Though it’s come to be esteemed in the West for its influence on The Departed rather than existing entirely on its own terms, Infernal Affairs endures as an expertly mounted, unpredictable actioner that never overstays its welcome. Add in a star-studded cast led by Tony Leung and a clear-eyed treatise on Hong Kong’s burgeoning identity crisis, and you have an instant classic that firmly surpasses its American counterpart.
6. Lady Snowblood (1973)
Remember Kill Bill? Any die-hard Tarantino devotee owes it to themselves to watch the Japanese grindhouse splatter-fest that the former video-store clerk ripped off wholesale circa 2003.
Uma Thurman’s iconic yellow jumpsuit may be a direct reference to Bruce Lee’s Game of Death, but it’s Lady Snowblood that wielded the strongest influence on Tarantino’s over-the-top martial arts extravaganza. Non-linear flashbacks, ultra-stylized gore, climactic duels in the snow…The most important thing you need to know about this classic touchstone is that it follows yet another sword-wielding, all-around badass heroine who hacks and slashes her way through criminals while seeking vengeance for her murdered family.
7. Yojimbo (1961)
Sergio Leone’s A Fistful of Dollars—which attained the distinction of being the spaghetti western that speed-injected Clint Eastwood into the mainstream and defined his tough-as-nails public persona for the rest of his career—is widely considered to be an unauthorized remake of Kurosawa’s beloved samurai epic.
Both films tell the story of a nameless lone drifter who wanders into a small town and outwits two feuding gangs by slyly pitting them against one another. “Signor Leone, I just had the chance to see your film. It is a very fine film, but it is my film,” wrote the Japanese director before successfully suing the Italian. Hollywood would stretch Yojimbo’s bloodline even further in The Warrior and the Sorceress and Last Man Standing.
8. A Tale of Two Sisters (2003)
Such was the glut of world-shaking Korean thrillers to come our way precisely 20 years ago—Oldboy and Memories of Murder, to name just a few—that western audiences are only now beginning to catch up to this gem. Conjuring up Hitchcock with shades of De Palma, Kim Jee-woon’s genre re-defying masterpiece plunges viewers into the depths of family strife, leaving an unforgettable mixture of awe and dread in its wake.
Though often lumped together with the neutered U.S. remake that sprung from it, A Tale of Two Sisters is in a class of its own—creating aftershocks that are still reverberating in contemporary world horror cinema.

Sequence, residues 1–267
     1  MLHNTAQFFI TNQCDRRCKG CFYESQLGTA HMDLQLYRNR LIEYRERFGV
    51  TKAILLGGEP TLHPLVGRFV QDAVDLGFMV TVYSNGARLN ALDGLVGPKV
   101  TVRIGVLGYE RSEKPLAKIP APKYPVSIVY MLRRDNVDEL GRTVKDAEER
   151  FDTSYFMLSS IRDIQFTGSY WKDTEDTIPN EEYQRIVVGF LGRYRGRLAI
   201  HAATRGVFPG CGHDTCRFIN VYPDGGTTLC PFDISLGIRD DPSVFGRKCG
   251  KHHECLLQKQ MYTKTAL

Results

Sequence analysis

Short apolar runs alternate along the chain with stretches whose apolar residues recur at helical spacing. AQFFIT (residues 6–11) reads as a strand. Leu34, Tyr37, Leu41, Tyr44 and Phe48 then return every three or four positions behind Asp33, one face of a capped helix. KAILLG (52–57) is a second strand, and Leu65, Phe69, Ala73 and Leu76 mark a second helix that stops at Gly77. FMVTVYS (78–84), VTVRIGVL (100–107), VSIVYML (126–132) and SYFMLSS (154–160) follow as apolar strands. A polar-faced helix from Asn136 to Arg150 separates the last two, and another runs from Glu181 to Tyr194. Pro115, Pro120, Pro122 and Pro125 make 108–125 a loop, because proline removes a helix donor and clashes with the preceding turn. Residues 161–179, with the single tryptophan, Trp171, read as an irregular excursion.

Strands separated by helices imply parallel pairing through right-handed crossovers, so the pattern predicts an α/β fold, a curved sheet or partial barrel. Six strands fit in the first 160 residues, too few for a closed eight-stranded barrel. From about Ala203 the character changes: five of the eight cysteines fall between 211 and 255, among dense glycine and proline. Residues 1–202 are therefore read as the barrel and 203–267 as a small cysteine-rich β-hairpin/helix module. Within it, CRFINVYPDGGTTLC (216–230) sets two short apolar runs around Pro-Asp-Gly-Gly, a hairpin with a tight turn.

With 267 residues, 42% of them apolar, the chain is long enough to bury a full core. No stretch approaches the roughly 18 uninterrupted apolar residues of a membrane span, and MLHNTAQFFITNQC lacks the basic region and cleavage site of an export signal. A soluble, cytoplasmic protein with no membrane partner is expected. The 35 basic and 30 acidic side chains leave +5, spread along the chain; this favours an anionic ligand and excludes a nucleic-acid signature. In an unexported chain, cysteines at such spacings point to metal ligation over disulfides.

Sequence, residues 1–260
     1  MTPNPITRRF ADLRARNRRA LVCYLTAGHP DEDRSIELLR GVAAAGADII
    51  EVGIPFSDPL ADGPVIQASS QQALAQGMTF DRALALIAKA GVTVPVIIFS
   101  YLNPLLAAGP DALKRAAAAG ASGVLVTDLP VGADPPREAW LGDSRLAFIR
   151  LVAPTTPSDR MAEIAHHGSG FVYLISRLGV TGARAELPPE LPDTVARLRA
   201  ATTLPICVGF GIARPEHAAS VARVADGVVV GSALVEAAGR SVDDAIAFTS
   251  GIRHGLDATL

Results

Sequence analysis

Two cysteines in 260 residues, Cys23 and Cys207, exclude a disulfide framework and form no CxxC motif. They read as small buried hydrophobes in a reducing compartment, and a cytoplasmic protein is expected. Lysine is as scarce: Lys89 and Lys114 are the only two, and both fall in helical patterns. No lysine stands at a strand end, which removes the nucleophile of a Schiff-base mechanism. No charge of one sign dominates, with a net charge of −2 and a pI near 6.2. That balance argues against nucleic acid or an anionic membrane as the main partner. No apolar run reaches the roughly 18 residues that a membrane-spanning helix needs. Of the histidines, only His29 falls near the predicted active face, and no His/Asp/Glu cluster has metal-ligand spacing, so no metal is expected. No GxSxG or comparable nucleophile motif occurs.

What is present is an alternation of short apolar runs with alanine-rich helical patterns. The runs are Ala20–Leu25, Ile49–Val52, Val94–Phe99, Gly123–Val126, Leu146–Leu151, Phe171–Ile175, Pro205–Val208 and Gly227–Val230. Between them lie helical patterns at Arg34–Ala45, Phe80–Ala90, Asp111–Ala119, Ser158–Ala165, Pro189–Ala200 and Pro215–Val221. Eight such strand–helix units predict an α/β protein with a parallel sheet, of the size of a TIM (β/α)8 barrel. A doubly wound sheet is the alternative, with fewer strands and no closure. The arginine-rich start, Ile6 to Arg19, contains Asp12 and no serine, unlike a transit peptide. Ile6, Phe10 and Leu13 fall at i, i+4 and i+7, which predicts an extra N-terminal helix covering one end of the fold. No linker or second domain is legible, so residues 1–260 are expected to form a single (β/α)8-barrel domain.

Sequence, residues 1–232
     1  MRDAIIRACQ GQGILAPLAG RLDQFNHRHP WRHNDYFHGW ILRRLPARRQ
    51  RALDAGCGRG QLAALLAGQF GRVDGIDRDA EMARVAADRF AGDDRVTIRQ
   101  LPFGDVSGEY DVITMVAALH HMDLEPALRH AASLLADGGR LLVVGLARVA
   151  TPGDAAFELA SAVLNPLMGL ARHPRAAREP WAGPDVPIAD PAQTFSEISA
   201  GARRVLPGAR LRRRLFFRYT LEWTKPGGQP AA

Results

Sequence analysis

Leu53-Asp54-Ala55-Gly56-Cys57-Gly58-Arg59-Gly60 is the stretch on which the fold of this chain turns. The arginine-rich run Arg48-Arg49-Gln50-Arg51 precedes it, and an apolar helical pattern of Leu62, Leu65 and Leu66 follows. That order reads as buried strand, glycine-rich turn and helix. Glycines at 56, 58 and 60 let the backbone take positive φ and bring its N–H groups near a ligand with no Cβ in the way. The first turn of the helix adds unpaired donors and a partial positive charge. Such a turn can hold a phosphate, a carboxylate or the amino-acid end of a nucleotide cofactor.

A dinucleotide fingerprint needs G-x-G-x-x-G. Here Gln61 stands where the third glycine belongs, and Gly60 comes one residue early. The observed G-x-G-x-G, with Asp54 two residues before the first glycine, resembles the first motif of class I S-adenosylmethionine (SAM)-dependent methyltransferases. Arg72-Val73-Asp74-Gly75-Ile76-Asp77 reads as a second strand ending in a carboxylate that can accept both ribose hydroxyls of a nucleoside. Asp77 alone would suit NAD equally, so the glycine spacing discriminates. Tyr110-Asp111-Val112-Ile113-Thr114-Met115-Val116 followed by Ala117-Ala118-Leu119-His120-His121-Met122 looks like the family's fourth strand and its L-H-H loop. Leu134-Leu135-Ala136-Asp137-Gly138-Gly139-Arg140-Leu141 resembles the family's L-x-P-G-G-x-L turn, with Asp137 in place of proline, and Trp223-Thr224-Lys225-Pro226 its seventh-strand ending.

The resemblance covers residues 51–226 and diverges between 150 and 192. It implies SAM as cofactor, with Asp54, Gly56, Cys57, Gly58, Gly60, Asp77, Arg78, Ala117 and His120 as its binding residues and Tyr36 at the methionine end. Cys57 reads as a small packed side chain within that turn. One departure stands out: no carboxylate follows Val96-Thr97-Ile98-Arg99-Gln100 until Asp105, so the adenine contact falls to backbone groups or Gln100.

9. Paprika (2006)
Zeroing in on a group of psychotherapists who infiltrate people’s dreams with the help of a revolutionary device, Satoshi Kon’s mind-bending science fiction pulls off the fine balancing act of grappling with lofty ideas about the subconscious while sweeping you over with a rip-roaring blend of psychedelic imagery. It is, full stop, one of the best animated movies of all time.
The film’s striking similarities with Inception—a monolithic box-office hit that copied much of its broad strokes and visual compositions—wasn’t exactly lost on audiences. Though Christopher Nolan’s standing in the zeitgeist is as strong as it’s ever been, Paprika’s fingerprints are smeared all over his 2010 film.
10. Battle Royale (2000)
Long before The Hunger Games, Fortnite, or Squid Game had made a dent on the pop culture landscape, Japanese director Kinji Fukasaku envisioned a dystopian set-up in which a select group of teenagers are instructed to kill each other in a twisted, state-sanctioned winner-take-all competition.
At once darkly comic yet shocking in its off-hand brutality, Battle Royale let loose a firestorm of wrath upon release before being rightfully re-assessed as a furious critique of the powers-that-be with a politically trenchant subtext that still carries weight today.
Published on March 2, 2023
Words by Guillermo De Querol
Guillermo is a freelance entertainment writer based in Madrid, Spain. His writing and festival coverage has been published across various outlets, including Little White Lies, Taste of Cinema, Film Cred, and Certified Forgotten. When he’s not watching or writing about films, he’s probably talking about them on Letterboxd or Twitter. Guillermo hopes to continue to provide valuable features at JoySauce.